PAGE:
Right leaning? Who wrote this nonsense. They are all socialists talking platitudes, promising SOCIALIST welfare programs and services on the backs of hardworking taxpayers in order to get elected by enslaving you. The City should not be in the business of managing Provincial or Municipal social programs or infrastructure. The city should not be in the housing business, retirement/long term care home business, children’s services business , social welfare business. They only know how to run businesses into the ground. If you want your property taxes to remain low and lowered, demand the city follow it’s original mandate of providing basic services that everyone uses, like police, fire, sewer & water, roads, emergency services, etc. and spending within it’s means and operating any services at a zero sum gain and not a loss. The TTC operates at a colossal loss, it’s mind blowing; More than half of the gross TTC budget is made up of revenue the TTC takes in from fares. Discounting that revenue, the city will spend $576.8 million to SUBSIDIZE with your taxes, conventional service this year ( to pay for the loss) and a staggering $143.4 million to subsidize Wheel-Trans, that often sits idling, moving one person at a time to go shopping or other errands. What a life, hey? What a joke! Spending billions of dollars the city doesn’t have on services offered at a loss demonstrates politicians gone mad to keep their jobs and stay in power. It’s a page taken out of SOCIALIST Venezuela, currently going bankrupt and in the mist of hyperinflation which brings poverty and misery. Do you want this for Torontoians? Wake up before it’s too late for you.
Let’s take a few of these points and expand them. ‘Red’ thinks that the city should not spend money on:
Transit including Wheel-Trans
Retirement/long term care homes
Children’s services business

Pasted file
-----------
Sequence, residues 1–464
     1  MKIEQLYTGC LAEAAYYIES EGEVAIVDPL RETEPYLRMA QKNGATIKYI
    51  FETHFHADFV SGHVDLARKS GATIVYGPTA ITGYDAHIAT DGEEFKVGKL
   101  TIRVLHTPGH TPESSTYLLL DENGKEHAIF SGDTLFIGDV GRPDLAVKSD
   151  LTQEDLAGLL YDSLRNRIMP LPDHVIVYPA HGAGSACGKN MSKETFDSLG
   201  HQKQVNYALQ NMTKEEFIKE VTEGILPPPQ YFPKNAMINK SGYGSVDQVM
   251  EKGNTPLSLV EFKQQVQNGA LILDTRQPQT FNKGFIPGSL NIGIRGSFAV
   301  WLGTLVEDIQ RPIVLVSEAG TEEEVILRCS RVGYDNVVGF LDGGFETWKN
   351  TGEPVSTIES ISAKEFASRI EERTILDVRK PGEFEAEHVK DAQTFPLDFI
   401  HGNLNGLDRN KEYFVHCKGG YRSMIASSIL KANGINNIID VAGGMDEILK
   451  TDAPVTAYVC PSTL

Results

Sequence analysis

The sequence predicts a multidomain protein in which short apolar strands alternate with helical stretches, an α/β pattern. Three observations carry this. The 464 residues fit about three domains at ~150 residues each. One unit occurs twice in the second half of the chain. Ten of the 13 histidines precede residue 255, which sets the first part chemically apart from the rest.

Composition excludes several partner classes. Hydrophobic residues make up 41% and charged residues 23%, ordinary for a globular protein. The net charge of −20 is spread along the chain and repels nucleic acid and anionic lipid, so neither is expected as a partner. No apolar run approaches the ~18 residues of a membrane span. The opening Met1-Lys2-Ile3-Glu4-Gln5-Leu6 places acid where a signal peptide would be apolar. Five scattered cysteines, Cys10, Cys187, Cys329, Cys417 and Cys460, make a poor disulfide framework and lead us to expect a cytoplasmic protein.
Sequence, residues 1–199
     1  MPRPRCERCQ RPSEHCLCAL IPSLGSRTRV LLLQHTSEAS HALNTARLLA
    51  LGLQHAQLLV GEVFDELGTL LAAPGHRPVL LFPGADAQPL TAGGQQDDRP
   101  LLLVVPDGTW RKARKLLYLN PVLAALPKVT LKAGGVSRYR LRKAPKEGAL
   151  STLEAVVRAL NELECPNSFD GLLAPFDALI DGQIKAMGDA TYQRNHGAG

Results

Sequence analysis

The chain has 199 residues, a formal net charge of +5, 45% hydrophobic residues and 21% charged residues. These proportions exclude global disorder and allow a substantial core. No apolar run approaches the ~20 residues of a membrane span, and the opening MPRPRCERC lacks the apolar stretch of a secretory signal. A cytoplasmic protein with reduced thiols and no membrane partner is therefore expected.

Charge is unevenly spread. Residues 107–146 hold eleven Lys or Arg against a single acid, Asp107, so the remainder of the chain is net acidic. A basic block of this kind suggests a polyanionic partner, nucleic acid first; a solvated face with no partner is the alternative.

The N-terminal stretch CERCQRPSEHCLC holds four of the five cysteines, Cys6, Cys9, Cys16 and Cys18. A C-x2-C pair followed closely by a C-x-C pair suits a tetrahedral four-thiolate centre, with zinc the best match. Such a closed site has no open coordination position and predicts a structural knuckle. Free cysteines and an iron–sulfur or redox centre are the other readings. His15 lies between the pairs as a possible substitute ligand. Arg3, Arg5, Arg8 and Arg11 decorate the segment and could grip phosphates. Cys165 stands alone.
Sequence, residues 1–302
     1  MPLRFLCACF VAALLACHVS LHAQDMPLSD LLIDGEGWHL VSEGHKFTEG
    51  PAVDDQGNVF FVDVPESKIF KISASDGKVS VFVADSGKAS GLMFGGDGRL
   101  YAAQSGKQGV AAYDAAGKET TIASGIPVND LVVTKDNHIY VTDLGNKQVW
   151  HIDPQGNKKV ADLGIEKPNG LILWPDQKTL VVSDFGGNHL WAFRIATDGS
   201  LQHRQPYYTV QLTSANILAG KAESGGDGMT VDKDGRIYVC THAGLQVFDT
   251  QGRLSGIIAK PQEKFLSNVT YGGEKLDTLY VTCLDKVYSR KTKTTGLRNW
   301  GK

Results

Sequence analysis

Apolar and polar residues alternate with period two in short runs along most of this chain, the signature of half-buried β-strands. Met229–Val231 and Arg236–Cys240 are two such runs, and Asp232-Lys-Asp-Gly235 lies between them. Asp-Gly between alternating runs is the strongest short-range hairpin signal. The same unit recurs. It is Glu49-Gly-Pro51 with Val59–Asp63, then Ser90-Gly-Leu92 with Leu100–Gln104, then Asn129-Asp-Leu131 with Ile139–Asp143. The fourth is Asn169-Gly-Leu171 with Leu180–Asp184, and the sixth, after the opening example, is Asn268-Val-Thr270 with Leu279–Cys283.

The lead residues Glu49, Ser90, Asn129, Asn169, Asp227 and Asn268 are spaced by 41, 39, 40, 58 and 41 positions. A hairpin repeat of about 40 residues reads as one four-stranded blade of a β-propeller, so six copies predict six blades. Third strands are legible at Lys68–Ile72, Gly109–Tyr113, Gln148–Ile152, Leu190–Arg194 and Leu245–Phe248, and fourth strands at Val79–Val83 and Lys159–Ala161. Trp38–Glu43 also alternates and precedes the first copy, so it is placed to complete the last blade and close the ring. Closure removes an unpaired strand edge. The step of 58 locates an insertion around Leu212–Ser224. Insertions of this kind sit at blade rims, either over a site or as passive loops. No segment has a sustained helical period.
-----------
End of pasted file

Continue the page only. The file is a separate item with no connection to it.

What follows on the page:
I’m assuming, ‘Red’, that you drive everywhere, never take transit or visit a park. It sounds like you have been lucky enough in life to never need any social services, either personally or for a family member. I’m assuming that you don’t plan on getting old or needing a long term care home. Presumably you would have been ok with letting the AIDS and SARS outbreaks run their course and don’t use the library.
Red, did you know that if Toronto’s property taxes were increased by 24%, that would bring them up to the average level in the GTA? That must make you feel good.
Here’s a couple of pie charts outlining what the city does and where the money comes from. A lot of the stuff the city does is because no other level of government will. For example, community housing used to be a provincial responsibility until Premier Mike Harris arbitrarily downloaded it to municipalities in 1998 (while stiffing them for adequate funds).
Every country in the world subsidizes transit. There is no shortage of scholarly articles to show that subsidizing transit not only makes life better for people, it lowers pollution and keeps cars off the road. If it’s any comfort, Red, Toronto at about $1 has the lowest per fare subsidy level of any city in North America yet despite that, one of the most threadbare subway systems in the free world. Ka-ching; more money for hard working taxpayers like you.
Try and imagine what would happen if subsidies ended and single fares rose to the cost recovery level of $5. People would go back to their cars causing gridlock. Less travelled bus routes would be cancelled and bus and subway schedules would be trimmed leading to further loss of ridership forcing even higher fares.
As for Wheel-Trans, you seem to resent that it’s used for shopping or personal errands. Well duh; if you were unlucky enough to be disabled what would you use Wheel-Trans for? How do you suggest disabled people buy food or get to appointments?
Incidentally, if you truly believe that Frances Nunziata and Frank DiGiorgio are ‘socialists’ in the way you understand the term, I’ll have to vigorously defend them. The Toronto taxpayer, labouring under the lightest tax load in the GTA has no greater friend than these two. Just look at Wards 11 and 12 and you can tell that a great deal of effort has gone into saving taxpayers money over their combined six decades in office. Poverty is everywhere, litter is everywhere, basements are flooding, buses are crowded, many storefronts are shabby and often unoccupied, public housing is run down and they’ve kept our streets free of business-killing, traffic-pinching bike lanes used by unlicensed hipster freeloaders.
I think you owe them an apology.
Lastly, ‘Red’, next time you want to use the term socialism, you should understand that it refers to a system where the people own and / or control the means of production and distribution. I think we’re still light years away from that. Maybe if we had socialism, there would be less need to tip the scales in the other direction.